- Cooler bags, cupholders, pockets, or organizers.
- Towel or bag hangers.
- Adjustable recline.
- Mesh fabric for breathability.
Chair size & weight
Last but not least, pay attention to chair size and weight.
With size, try to find out how big the chair is both when disassembled/assembled or deflated/inflated. Not every manufacturer provides this info, but if you can, find it out.
Pay attention to the seat size as well, especially if you are a very big or petite hiker.
Your chair should be sized just enough to satisfy your needs while not occupying too much space in your backpack.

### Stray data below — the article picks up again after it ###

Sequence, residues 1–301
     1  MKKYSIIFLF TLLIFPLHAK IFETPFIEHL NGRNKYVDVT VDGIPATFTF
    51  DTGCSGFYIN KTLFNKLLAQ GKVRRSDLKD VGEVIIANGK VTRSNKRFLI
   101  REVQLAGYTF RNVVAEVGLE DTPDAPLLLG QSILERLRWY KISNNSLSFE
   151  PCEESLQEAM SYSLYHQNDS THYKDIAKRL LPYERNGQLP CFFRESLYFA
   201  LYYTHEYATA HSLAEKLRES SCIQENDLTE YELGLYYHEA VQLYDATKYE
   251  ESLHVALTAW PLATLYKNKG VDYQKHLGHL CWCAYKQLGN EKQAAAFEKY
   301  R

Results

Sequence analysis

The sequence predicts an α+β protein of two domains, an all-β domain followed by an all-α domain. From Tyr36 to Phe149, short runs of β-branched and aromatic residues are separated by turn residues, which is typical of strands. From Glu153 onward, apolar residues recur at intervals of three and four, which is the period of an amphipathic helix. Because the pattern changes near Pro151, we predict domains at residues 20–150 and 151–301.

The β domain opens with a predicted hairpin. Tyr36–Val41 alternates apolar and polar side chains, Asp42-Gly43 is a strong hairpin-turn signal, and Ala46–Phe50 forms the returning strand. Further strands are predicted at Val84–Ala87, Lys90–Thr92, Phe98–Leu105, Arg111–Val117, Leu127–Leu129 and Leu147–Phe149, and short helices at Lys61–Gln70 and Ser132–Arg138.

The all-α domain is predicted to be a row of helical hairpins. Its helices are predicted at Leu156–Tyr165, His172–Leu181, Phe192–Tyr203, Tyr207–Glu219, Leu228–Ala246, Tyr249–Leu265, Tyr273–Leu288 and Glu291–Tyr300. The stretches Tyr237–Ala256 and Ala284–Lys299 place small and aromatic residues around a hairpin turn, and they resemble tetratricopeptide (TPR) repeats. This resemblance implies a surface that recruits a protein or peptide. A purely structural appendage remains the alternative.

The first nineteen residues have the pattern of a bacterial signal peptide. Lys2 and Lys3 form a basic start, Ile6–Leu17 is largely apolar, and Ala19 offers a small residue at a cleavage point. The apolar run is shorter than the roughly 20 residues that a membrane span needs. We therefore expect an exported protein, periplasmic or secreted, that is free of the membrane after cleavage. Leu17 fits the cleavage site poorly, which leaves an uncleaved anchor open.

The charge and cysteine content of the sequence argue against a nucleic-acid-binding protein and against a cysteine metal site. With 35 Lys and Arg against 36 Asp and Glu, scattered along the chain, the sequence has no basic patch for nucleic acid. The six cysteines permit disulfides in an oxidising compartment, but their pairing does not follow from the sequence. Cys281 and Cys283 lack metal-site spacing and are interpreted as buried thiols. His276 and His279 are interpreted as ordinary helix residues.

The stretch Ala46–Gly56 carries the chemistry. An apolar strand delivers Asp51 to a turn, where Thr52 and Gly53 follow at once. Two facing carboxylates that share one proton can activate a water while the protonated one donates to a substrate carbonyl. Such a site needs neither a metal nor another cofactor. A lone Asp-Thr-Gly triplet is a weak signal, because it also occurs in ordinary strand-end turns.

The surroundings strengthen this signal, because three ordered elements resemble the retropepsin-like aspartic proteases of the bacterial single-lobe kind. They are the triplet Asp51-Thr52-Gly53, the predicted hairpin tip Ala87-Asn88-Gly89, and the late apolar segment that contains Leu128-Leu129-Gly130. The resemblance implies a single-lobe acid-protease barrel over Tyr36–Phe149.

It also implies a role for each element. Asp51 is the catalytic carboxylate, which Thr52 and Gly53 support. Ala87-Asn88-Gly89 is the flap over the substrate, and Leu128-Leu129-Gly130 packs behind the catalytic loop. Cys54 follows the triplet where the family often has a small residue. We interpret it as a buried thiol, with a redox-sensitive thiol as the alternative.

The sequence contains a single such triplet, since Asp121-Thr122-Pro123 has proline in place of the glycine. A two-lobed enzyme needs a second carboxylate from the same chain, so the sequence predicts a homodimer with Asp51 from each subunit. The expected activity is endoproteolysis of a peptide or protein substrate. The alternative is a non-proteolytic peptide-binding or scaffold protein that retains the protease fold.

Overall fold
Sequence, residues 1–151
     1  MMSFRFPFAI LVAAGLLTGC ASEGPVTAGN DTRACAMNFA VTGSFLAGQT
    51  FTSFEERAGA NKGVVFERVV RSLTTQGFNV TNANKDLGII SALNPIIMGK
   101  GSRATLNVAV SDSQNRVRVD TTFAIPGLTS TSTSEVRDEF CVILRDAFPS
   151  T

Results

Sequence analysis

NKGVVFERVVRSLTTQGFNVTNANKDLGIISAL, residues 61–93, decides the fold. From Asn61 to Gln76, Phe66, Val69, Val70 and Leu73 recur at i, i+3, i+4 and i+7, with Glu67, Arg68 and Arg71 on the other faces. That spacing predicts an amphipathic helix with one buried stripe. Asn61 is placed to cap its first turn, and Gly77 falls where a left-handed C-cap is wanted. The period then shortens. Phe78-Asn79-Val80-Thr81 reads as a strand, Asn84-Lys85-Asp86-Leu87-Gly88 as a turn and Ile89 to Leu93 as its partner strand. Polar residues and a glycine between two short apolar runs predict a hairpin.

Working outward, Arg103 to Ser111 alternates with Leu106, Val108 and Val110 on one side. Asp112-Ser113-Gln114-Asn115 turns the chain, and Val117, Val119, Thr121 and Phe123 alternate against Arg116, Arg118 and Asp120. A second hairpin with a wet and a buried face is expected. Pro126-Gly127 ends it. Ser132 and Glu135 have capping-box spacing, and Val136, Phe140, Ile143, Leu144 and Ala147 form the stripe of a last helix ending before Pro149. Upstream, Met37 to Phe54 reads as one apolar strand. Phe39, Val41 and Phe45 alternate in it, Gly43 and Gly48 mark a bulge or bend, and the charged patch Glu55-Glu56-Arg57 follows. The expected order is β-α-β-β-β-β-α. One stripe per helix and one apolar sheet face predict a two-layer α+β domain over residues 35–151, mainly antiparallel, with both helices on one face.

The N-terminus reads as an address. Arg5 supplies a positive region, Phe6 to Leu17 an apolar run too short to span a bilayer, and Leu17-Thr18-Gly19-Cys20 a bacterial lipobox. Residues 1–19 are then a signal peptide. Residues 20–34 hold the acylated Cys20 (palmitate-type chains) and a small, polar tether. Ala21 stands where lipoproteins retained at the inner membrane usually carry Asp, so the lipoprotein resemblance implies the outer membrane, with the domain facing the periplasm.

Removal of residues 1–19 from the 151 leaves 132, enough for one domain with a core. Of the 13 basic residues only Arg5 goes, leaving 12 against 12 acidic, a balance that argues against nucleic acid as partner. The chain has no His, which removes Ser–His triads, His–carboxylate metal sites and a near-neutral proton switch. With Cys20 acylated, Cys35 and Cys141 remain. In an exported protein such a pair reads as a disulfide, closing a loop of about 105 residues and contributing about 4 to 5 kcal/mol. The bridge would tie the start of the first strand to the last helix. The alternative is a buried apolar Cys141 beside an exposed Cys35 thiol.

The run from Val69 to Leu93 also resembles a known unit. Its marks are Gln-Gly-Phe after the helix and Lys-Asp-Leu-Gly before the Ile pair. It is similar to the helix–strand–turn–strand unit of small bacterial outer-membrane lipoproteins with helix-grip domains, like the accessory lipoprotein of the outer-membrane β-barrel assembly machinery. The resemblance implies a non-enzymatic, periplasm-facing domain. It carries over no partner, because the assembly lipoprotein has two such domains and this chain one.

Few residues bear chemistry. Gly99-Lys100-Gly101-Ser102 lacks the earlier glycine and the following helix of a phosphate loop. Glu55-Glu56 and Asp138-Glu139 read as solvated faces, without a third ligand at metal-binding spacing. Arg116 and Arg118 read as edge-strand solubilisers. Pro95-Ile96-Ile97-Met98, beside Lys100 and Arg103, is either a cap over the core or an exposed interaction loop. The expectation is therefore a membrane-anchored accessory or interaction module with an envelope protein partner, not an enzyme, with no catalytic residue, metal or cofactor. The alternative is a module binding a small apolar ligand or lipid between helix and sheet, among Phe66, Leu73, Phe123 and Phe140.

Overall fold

The same rule applies to weight – your backpacking chair should be able to meet your demands while weighing as little as possible.
Keep in mind that a very lightweight chair isn’t always a good thing. Lightness has to be achieved at the expense of something – typically, at the expense of durability. All else equal, a lighter chair will likely have weaker, thinner framing.
Picking the best lightweight backpacking chair isn’t too difficult. A chair is much easier to choose than, say, a backpack.
Still, you should be careful with what you are investing your hard-earned money in. No chair is better than a bad chair. Read through our guide one more time, have a better look at our picks, and don’t rush with making a decision.